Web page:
The actual stub setup is in the seupBinaryStub method. Let’s take a look at it:

private void setupBinaryStub(Object stub, int port) {
    HttpPost createStub = new HttpPost("http://localhost:2525/imposters");
    createStub.setHeader("Content-Type", "application/json");
    String json = "{\n" +
                "  \"protocol\": \"tcp\",\n" +
                "  \"port\": " + port + ",\n" +
                "  \"mode\": \"binary\",\n" +
                "  \"stubs\": [\n" +
                "    { \"responses\": [{ \"is\": { \"data\": \"" + encodedString(rawObject) + "\" } }] }\n" +
                "  ]\n" +

    createStub.setEntity(new StringEntity(buildJsonContent(expectation)));
    final HttpResponse response = new DefaultHttpClient().execute(createStub);

    if (response.getStatusLine().getStatusCode() != 201) {
        throw new RuntimeException("expected 201 status but was " + response.getStatusLine().getStatusCode());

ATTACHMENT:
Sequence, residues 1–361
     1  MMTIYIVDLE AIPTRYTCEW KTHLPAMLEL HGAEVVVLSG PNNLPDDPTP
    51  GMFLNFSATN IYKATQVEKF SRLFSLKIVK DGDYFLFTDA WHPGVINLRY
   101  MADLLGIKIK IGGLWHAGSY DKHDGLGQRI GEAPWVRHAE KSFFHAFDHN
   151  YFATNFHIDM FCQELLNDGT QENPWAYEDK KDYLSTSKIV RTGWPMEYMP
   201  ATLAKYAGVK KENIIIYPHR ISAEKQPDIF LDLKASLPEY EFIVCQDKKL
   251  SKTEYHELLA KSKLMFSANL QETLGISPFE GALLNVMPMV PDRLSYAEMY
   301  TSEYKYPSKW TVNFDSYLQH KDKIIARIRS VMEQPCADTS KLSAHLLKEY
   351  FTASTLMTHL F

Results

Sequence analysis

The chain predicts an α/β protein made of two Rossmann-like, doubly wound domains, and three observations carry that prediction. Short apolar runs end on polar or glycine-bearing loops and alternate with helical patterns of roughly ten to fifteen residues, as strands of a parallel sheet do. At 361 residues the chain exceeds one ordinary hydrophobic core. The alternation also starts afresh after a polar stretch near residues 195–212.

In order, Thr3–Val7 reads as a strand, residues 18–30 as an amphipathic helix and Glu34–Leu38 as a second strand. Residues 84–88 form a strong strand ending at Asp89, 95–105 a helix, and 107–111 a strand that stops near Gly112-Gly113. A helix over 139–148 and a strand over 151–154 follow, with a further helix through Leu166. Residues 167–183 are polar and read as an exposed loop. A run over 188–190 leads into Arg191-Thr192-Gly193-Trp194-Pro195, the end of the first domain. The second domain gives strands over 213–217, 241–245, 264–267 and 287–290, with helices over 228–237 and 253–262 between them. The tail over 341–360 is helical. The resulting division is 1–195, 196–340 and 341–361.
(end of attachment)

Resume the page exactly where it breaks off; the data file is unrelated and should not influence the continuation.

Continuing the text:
The magic sauce is in the encodedString method. Here we have to figure out how our remote service serializes the object graph, and encode it as a base64 string. Figuring out the serialization mechanism can be the trickiest part of all of this. In our case, a short investigation into the code reveals it’s simply Java serialization:

private String encodedString(Object objectToWrite) throws IOException {
    byte[] data = SerializationUtils.serialize(objectToWrite);
    return new Base64().encodeAsString(stream.toByteArray());

Now we can manufacture any test scenario we want, and better yet, we can keep the test data setup scoped within each test without any fear of that data interfering with other tests.

Check it out:

Github repository

Heroku site


Written by Brandon Byars

February 10, 2014 at 5:00 am